During the holidays, Palestine resident Kristi Starr's kitchen table is filled with edible housing decorations that make her home look like Candyland.
Carrying down a tradition her mother started years ago, Starr enjoys making graham cracker gingerbread houses and scenes during the Christmas season and giving them away.
This year, she made a gingerbread house for the children staying at East Texas Hospitality House in Tennessee Colony, the children at her church at First Congregational Methodist Church in Elkhart and a local family. She also plans to make a special fire truck and fire station gingerbread house for the Westside Volunteer Fire Department in her neighborhood.
“I enjoy making them and giving it to whoever I feel led to give it to and God blesses you back,” Starr said. “You can't buy a toy in a stocking that brings that much excitement when children see one for the first time.”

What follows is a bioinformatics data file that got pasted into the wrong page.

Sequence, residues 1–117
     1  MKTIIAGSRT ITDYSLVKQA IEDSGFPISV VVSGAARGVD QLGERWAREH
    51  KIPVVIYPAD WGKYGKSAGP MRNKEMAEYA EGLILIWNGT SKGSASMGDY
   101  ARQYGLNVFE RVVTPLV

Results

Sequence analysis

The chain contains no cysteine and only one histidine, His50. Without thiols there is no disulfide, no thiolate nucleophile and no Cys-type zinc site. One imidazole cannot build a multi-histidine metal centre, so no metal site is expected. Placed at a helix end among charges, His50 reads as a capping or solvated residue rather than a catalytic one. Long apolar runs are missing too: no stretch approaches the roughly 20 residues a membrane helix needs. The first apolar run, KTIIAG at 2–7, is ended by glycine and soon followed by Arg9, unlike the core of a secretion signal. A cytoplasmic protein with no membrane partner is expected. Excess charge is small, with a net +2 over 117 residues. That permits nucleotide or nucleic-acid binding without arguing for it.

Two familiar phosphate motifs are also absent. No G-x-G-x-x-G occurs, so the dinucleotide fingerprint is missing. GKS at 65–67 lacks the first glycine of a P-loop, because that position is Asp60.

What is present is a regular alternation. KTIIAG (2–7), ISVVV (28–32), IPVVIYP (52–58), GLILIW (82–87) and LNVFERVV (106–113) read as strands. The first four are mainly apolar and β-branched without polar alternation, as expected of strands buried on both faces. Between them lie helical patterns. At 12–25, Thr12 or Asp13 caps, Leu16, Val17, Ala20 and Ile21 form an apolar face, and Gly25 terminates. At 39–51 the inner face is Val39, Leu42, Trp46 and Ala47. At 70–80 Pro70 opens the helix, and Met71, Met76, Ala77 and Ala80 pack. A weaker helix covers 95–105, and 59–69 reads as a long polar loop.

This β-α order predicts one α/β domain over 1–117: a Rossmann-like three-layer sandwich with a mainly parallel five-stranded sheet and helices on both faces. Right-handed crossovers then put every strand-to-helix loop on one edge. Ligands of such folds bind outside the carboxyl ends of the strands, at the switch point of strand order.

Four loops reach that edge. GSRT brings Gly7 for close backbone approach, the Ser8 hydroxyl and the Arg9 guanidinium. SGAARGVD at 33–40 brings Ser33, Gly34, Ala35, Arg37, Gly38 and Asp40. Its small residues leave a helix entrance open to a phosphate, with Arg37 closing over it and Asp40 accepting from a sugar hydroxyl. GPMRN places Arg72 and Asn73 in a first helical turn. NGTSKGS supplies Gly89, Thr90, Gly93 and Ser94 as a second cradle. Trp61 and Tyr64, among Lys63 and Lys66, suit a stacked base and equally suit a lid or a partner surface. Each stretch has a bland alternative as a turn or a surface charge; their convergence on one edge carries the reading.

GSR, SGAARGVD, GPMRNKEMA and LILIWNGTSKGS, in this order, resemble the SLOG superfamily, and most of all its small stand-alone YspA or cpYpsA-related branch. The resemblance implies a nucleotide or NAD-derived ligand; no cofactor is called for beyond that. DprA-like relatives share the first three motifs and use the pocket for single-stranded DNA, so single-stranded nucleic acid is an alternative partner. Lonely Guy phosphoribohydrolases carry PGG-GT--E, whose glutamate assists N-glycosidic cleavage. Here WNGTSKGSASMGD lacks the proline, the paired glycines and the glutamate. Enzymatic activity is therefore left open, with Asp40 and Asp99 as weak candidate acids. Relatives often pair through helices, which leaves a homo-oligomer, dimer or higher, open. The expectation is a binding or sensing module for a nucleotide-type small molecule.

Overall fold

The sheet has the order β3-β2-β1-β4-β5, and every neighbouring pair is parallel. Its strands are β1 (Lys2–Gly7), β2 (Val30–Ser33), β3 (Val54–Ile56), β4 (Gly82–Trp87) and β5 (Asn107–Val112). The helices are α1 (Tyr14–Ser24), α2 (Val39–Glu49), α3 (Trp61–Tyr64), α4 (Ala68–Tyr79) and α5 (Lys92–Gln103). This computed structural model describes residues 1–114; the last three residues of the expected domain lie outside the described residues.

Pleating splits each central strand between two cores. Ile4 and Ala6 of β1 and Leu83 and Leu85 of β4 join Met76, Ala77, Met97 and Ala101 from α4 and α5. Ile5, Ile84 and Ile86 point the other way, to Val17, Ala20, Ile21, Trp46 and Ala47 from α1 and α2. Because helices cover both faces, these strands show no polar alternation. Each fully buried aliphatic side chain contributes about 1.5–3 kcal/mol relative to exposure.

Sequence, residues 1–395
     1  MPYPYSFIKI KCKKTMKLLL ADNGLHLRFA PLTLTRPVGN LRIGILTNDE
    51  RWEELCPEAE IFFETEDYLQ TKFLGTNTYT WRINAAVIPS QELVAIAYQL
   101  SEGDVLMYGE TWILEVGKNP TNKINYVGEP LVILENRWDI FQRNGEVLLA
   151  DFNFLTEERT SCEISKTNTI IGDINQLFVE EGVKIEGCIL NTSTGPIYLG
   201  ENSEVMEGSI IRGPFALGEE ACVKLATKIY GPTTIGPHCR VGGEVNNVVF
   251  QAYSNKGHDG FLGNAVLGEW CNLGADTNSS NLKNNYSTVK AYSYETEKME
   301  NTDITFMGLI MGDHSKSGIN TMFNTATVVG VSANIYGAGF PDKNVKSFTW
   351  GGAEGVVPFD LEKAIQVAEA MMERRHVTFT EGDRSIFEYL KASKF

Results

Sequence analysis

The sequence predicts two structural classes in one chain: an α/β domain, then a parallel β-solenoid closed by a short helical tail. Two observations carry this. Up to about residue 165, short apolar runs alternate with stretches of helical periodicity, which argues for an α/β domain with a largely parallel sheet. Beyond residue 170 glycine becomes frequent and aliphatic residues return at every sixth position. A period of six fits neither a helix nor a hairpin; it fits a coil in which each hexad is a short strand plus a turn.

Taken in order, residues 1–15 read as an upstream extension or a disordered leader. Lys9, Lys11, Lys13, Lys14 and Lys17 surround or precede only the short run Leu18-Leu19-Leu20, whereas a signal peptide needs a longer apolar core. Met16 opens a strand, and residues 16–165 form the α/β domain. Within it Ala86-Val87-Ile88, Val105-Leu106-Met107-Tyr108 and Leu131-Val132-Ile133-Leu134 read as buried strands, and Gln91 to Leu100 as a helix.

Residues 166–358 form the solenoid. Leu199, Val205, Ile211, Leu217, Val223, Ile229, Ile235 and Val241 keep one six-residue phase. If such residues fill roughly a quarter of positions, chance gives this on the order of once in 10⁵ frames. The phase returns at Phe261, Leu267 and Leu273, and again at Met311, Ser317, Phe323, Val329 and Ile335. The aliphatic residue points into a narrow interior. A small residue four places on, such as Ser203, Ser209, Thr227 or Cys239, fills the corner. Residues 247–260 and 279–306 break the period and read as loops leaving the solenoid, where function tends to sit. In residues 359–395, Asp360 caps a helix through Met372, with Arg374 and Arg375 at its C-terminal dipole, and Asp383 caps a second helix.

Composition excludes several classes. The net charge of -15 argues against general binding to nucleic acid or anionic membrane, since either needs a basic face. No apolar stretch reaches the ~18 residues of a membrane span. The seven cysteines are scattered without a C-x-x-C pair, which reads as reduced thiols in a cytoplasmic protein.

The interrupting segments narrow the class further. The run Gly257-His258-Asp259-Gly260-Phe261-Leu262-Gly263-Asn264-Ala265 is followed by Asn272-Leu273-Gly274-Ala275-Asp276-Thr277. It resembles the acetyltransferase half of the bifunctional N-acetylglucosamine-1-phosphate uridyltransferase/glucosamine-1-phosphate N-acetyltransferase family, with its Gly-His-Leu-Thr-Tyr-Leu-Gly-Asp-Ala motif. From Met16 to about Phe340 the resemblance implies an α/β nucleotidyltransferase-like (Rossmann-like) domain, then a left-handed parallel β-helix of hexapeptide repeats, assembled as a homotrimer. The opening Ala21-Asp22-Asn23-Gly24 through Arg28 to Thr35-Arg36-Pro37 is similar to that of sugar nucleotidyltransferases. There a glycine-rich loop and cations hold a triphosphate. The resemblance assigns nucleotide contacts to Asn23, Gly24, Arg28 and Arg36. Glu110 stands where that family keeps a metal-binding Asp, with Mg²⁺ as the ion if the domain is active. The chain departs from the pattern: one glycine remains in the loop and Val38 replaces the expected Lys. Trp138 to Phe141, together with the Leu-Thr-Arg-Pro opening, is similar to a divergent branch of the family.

Her mother, Lola Brinegar of McGregor, started making graham cracker gingerbread houses using a recipe from a Dec. 3, 1985 Family Circle article.
“My mom is 53 and has dementia. Because she can no longer make them, my sister and I have made them to carry on her tradition, using the same recipe,” Starr said. “Making the houses is our way of carrying on things she taught us and remembering the good times.”
It isn't unusual for Starr and her sister, Tiffany Sanders of Waco, to converse over the phone while shopping the leftover Halloween candy at local stores — looking for just the right candy to make something special for the gingerbread house scenes.
“We try to do something different every year and add to them. We share ideas back and fourth,” Starr said.
The key to success in her gingerbread houses is the icing — which serves as a “glue” for the pieces staying together.